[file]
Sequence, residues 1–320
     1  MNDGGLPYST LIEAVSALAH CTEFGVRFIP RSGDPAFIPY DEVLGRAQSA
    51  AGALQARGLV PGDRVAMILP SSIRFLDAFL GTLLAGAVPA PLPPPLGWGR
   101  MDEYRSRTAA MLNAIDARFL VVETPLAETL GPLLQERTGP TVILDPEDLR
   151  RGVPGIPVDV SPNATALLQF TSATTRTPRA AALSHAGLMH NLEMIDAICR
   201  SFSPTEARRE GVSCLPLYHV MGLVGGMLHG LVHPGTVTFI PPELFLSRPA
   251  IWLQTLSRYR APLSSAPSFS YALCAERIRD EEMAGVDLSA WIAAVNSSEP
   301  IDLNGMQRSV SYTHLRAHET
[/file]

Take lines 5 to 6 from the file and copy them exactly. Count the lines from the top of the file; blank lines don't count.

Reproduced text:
   151  RGVPGIPVDV SPNATALLQF TSATTRTPRA AALSHAGLMH NLEMIDAICR
   201  SFSPTEARRE GVSCLPLYHV MGLVGGMLHG LVHPGTVTFI PPELFLSRPA